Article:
New Louisiana accounting system kept Treasury from finishing state bank reports on time

BATON ROUGE, La. (BRPROUD) — Auditors found that the Department of Treasury did not complete, review and approve bank reconciliations in a timely manner for the fiscal year that ended June 30, 2023.

Auditors looked at several bank reconciliations under the Annual Comprehensive Financial Report of the State of Louisiana throughout the year. Auditors found that some reconciliations were not completed, reviewed and approved until 37 to 354 days after the pertinent month-end.

“Failure to complete and review bank reconciliations in a timely manner increases the risk that errors and/or fraud could occur and not be detected in a timely manner and increases the risk of inaccurate financial reporting,” the audit said.

There were issues with bank reconciliations not being completed, reviewed and approved during the following periods in September, November and July of 2022 and in March and May of 2023.

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Reconciliations for September 2022, November 2022 and March 23 were not completed, reviewed and approved until May 2023, according to the audit.

The reconciliations for July 2022 and May 2023, were not completed, reviewed and approved until July 2023.

The state’s 2023 cash balance was not fully reconciled until Dec. 15, 2023, according to the audit.

The LLA noted that all state agencies moved into LaGov, the current financial accounting system at the start of 2023. It tracks all deposit and revenue transactions.

With the ongoing changes, the auditors found that the Department of Treasury worked with the Office of Technology Services to ensure correct reporting guidelines were created for the monthly data. Changes to the available process in the system kept several monthly reconciliations from being finished sooner. The treasury office could not offer proof that these had been completed throughout the year.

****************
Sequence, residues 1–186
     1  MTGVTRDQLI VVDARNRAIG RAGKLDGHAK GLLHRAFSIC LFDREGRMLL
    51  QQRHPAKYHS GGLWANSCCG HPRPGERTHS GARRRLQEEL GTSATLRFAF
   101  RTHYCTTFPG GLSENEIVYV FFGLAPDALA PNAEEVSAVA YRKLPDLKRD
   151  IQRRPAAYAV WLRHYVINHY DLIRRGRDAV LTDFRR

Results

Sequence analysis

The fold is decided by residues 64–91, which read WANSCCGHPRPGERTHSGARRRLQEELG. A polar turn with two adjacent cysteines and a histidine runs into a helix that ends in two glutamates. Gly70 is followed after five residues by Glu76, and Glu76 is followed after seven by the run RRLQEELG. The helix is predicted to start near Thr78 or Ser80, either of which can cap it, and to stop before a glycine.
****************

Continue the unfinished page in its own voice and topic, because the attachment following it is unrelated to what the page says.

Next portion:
According to the audit, the Department of Treasury recognized that the LaGov system balances that agencies in the state were using were not accurate. Those agencies had to re-run the necessary reports once the issues were fixed at the end of the fiscal year so the treasury could reconcile the year-end cash balances fro Louisiana.

The audit reads, “these state agencies did not identify the issue with their system balances at any point during the fiscal year to prompt investigation and correction in a timely manner.”

According to the audit, management should have made sure that the following bank reconciliations were to be completed, reviewed, and approved in a timely manner. Auditors noted a lack of communication and understanding about how the new financial system operates.

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In response to the audit’s finding, Louisiana State Treasurer John Fleming said the Department of Treasury worked with the LaGov team during the transition.

“The Department worked diligently with the LaGov team to ensure a smooth transition,” said Fleming. “During this collaboration, numerous unforeseen issues were identified and eventually resolved. Throughout this process, all state funds were properly accounted for.”

He said there was a lack of specialized training before the transition into the system. Also, some changes to programming meant they had to redo previously completed work, creating delays.

Fleming added that the Department of Treasury will “continue to complete, review, and approve all bank reconciliations in a timely manner using the LaGov accounting system.”

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